8 Last Mile Trends To Watch For In 2022

According to Statista, worldwide ecommerce sales will account for 20.4 percent of all retail sales in 2022. Just prior to the pandemic in 2019, online sales made up 13.6 percent of all retail sales.

Online sales, and in turn, the last mile logistics, were already growing exponentially with every passing year. However, the pandemic lit a fire that no shipper could see coming.

As a result, the last mile trends of 2022 are significantly different than those of years past. Take advantage of our list of last mile trends below to help prepare your business for the months to come.

1.) Safety Stock Warehousing

Who would have thought that the second year of the global pandemic would've turned out more challenging than the first? Over the course of much of 2021, shippers across all industries struggled to maintain adequate levels of inventory to meet surging consumer demand.

The main culprit, shipping congestion off the West Coast, created a cascade of supply chain bottlenecks. From intermodal to full truckload shipping, shippers were challenged to receive their products to meet growing final mile delivery demands.

In years past, supply chains embraced the just in time warehousing model. Going forward, more shippers will invest in building up safety stocks to meet seasonal and surge demands. To accomplish this, shippers will need to build strong partnerships with warehouse services providers in order to find adequate space in an already-strained market.

2.) Inventory Positioning

In addition to a return to traditional warehousing of backup products, another last mile trend in 2022 is the continued demand for quick delivery. Though shippers can benefit from utilizing a last mile delivery network to provide nationwide coverage, many customers have come to expect the Amazon Prime delivery standard.

To that point, shippers wishing to meet the demands of final mile delivery and customer expectations may find value in positioning inventory across multiple key markets.

Through a combination of warehousing and a prequalified network of delivery agents, shippers can benefit from a strategy called forward stocking logistics. This strategy helps to ensure that inventory is within range of key markets to provide next- and even same-day delivery.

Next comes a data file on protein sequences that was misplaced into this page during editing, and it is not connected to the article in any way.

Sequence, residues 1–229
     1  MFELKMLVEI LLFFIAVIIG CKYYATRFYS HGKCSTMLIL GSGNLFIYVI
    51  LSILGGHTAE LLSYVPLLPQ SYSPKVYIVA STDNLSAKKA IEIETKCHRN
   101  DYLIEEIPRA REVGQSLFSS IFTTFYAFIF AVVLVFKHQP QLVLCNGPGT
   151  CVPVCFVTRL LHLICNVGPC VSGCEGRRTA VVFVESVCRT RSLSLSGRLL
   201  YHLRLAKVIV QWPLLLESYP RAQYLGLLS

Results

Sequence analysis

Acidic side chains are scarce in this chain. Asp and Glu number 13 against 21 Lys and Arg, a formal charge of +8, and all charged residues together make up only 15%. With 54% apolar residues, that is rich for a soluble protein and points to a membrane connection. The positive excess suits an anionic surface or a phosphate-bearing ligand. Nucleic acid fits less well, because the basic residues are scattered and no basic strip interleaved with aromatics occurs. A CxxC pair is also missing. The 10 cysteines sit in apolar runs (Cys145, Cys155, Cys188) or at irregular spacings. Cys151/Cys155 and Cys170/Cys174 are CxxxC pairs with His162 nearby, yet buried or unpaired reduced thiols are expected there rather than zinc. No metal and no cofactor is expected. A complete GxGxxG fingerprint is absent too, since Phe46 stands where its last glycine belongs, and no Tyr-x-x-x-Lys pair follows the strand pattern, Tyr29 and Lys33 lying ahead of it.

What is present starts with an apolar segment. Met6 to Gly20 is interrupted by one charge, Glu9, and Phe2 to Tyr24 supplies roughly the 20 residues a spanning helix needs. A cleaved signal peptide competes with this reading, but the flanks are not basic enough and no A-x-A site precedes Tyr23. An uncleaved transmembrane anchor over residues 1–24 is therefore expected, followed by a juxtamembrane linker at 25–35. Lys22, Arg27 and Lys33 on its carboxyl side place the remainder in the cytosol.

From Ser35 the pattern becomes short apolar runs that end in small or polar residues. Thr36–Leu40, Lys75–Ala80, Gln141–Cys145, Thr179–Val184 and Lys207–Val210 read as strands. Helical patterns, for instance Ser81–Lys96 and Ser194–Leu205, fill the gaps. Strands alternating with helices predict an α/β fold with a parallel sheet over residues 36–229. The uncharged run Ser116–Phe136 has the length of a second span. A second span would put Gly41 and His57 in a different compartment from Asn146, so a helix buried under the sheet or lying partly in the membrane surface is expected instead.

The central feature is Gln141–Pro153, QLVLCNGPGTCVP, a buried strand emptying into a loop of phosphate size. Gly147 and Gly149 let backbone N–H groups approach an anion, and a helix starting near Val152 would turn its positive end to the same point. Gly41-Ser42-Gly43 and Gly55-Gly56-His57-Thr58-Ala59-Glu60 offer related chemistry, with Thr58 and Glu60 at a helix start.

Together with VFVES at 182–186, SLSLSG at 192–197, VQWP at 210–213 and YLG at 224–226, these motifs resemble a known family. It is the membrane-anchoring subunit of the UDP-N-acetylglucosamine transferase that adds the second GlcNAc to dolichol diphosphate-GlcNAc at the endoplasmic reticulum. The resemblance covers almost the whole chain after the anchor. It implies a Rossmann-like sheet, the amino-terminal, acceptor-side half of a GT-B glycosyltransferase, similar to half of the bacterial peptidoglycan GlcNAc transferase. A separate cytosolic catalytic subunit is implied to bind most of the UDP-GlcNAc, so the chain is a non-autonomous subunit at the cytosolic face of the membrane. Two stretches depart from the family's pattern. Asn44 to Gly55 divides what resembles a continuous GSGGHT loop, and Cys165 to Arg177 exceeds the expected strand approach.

Want to learn how one major retailer embraced this strategy to meet the needs of their customers? Download our free case study!

3.) More White Glove Demand

While we are far from through with the pandemic, consumers are desiring a return to normal. With vaccines widely available, the reluctancy to allow residential freight delivery agents inside will continue to decline for many shoppers.

Though the demand for white glove delivery didn't take a huge hit in 2021, the staggering growth in online sales will push the need for this service even further in 2022.

4.) Continued Pandemic Precautions

One of the ongoing last mile trends that the industry will face for some years to come is the precautionary practices to reduce the transmission of COVID. Though many states have become more relaxed with regards to enforcement, there are still many questions related to vaccine mandates and the impact of coronavirus on the final mile.

When it comes to inside deliveries, many agents and couriers will continue to wear masks in 2022. Still, in an industry already challenged by a shortage of employees, mandates may scare off many potential newcomers to the driving profession.

5.) Labor & Capacity Challenges

The truck driver shortage is not limited to less-than-truckload and over-the-road drivers. As reported by FreightWaves, a lack of drivers is one of the primary last mile trends that will bring additional challenges to shippers.